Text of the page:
22- And the glory which thou gavest me I have given them;

ask for the universals

If you’re unsure of what to specifically ask for those you pray for, pray for what you know. You know that everyone needs God’s love in their lives. You know that everyone needs to feel the reality of being God’s own child. You know that everyone is their best when they see themselves the way Christ sees them. You know everyone needs forgiveness and Grace. Jesus prays for universal goodness that all of us can echo in our own prayers.
15- I pray not that thou shouldest take them out of the world, but that thou shouldest keep them from the evil.
17- Sanctify them through thy truth: thy word is truth

Ask for unity

And recognize that your desires for others all come back to the need for you and those you pray for to come to a common ground: God’s common ground. If there is a rift between you, each of you coming to God will close that gap. If there is a hurt or a wound, God’s presence will heal that. If there is a desire to serve and love, God’s guidance will show your hands the work to do.
21 That they all may be one; as thou, Father, art in me, and I in thee, that they also may be one in us: that the world may believe that thou hast sent me.
23 I in them, and thou in me, that they may be made perfect in one; and that the world may know that thou hast sent me, and hast loved them, as thou hast loved me.
26 And I have declared unto them thy name, and will declare it: that the love wherewith thou hast loved me may be in them, and I in them.

How Do We Pray for Others- John 17:21-23, 26

That they all may be one; as thou, Father, art in me, and I in thee, that they also may be one in us: that the world may believe that thou hast sent me.
And the glory which thou gavest me I have given them; that they may be one, even as we are one:
I in them, and thou in me, that they may be made perfect in one; and that the world may know that thou hast sent me, and hast loved them, as thou hast loved me.
And I have declared unto them thy name, and will declare it: that the love wherewith thou hast loved me may be in them, and I in them.

COMMENTARY

That they all may be one…
…they also may be one in us
…that they may be one, even as we are one…
I in them, and thou in me…

Jesus’s intentions come across very clearly here, don’t they? He finishes his prayer with an intense focus on perfect unity. He really wants these disciples to be one with him and the Father. That’s what his gospel and his sacrifice are really all about. Jesus died so that we could be one.
And I think if we examine our sincerest prayers we’ll find that unity is all we’re really asking for as well.

“Help me to alleviate their pain…”
“Bless them to feel thy love…”
“Show me how to forgive them…”
“Give me the words to speak to them…”

Each of these are prayers to take down walls of separation, to bring in empathy, understanding, and a shift of perspective. It isn’t just unity between each other, either, that wouldn’t be enough. It has to be a unity with God, a three-way meeting of the minds between us and Him. If ever we obtain real peace, it will only be by all parties converging on Him.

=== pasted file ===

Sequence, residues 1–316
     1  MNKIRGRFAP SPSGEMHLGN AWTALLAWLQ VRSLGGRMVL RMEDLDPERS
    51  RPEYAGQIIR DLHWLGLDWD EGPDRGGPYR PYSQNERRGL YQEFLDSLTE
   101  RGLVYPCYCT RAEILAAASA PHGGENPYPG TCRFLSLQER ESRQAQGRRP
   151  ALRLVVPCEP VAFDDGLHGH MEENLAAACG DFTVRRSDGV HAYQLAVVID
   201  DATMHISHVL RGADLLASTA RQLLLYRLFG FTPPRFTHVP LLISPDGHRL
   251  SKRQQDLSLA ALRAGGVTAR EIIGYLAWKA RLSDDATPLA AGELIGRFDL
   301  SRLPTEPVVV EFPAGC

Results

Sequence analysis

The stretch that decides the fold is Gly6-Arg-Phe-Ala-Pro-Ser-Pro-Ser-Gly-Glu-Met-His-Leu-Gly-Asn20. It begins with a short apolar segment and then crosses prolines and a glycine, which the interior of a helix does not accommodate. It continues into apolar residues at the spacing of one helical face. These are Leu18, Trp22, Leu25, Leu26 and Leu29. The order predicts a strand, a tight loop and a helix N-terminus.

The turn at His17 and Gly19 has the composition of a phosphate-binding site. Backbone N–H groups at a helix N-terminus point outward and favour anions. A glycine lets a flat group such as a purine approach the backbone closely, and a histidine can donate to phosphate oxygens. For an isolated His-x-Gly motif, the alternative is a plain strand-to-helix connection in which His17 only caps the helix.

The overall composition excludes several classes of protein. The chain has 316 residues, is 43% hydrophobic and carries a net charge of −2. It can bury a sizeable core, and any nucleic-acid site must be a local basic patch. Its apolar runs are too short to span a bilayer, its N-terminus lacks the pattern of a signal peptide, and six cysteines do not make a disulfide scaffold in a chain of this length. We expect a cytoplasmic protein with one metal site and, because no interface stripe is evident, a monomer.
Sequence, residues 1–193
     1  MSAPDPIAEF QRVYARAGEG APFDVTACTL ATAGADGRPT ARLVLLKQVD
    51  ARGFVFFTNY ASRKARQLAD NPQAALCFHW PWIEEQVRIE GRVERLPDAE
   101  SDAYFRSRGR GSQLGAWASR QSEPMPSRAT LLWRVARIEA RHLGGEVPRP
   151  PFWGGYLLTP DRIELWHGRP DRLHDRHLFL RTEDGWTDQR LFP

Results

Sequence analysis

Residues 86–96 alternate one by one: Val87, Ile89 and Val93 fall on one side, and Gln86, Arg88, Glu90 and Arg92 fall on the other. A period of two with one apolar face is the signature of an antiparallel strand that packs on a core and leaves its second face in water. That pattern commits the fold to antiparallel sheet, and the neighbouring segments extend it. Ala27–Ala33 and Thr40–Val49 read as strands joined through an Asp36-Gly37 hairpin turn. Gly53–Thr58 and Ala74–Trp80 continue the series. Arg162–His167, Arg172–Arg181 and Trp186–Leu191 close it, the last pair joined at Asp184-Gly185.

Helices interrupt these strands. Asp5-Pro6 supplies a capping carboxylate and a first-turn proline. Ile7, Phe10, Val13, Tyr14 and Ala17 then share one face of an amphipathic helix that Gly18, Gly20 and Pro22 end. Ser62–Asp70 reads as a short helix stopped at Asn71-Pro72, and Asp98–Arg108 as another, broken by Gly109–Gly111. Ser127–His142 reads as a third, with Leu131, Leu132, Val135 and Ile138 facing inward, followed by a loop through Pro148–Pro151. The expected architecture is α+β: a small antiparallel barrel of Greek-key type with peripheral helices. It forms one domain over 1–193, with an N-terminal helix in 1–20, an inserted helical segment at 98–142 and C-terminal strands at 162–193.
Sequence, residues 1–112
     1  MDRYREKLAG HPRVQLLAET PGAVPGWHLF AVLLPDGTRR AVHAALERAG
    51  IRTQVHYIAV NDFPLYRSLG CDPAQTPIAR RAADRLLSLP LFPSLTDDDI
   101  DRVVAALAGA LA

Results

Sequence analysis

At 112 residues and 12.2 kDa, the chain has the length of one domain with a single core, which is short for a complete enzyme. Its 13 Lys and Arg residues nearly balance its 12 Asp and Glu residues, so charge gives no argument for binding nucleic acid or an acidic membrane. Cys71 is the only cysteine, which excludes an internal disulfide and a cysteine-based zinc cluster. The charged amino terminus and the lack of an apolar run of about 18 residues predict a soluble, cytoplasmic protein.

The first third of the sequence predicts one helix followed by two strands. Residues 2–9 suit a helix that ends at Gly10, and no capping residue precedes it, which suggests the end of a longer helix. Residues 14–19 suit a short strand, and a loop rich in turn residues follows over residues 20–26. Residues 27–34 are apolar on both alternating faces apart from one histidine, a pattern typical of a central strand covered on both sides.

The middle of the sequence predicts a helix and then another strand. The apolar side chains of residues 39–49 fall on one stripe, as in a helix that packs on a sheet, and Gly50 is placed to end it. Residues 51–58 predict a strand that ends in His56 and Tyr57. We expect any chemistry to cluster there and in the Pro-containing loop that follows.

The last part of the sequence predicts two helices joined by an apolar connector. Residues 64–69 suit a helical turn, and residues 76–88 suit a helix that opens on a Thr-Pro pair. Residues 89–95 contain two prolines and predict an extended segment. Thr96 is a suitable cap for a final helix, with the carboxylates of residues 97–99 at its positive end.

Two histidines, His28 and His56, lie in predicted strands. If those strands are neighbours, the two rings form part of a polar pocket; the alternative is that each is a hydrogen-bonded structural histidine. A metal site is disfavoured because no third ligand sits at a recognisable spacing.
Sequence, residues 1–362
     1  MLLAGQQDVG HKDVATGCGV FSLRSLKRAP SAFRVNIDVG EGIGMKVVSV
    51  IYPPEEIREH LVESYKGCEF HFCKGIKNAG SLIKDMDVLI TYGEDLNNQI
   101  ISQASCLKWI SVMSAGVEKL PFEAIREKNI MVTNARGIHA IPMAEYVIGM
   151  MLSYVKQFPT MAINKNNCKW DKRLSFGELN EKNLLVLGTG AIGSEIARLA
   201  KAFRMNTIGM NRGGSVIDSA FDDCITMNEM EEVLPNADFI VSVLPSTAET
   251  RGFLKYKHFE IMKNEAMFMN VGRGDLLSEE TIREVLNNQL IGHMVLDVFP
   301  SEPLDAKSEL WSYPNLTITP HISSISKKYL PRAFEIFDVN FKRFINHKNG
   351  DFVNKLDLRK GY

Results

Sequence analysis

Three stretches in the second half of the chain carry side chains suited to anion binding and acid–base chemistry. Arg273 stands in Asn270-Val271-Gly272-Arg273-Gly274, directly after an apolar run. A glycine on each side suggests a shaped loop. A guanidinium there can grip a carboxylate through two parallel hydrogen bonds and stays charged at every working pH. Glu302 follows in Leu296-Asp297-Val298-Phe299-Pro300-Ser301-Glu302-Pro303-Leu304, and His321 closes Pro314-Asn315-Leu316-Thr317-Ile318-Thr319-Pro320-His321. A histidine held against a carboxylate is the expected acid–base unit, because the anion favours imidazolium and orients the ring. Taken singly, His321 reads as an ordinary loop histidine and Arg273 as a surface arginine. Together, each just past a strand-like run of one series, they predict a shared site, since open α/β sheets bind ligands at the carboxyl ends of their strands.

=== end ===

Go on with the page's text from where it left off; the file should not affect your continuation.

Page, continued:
How Do We Pray for Others- John 17:15-19

I pray not that thou shouldest take them out of the world, but that thou shouldest keep them from the evil. They are not of the world, even as I am not of the world. Sanctify them through thy truth: thy word is truth. As thou hast sent me into the world, even so have I also sent them into the world. And for their sakes I sanctify myself, that they also might be sanctified through the truth.

COMMENTARY

And for their sakes I sanctify myself, that they also might be sanctified through the truth.
This continues that idea from a few days ago of how Jesus is only imparts the same as what he has received. He has to be sanctified by the truth before he gives that same sanctifying truth for others.
Once again, if we seek to bless the lives of God’s children, first we need get ourselves living in harmony with God. Remember when Peter’s faith failed and he started to slip into the sea? Jesus wouldn’t have been able to help him if he had been treading water himself.

…that thou shouldest keep them from the evil.
Sanctify them through thy truth: thy word is truth.

It struck me that Jesus is praying for universals. Everyone needs to be kept from evil and to be sanctified through the truth.
One of the confusions I mentioned at the beginning of this study was not knowing the specific life-experiences everyone else needed. Therefore I didn’t feel bold in knowing what to pray for them. From these passages I’m starting to think that that might be okay.
While I may not know whether my friend should get that job he’s applying for or not, I do know without a doubt that that friend needs to feel the love of God in his life. I know it because that’s a universal need, so I can be praying specifically for that.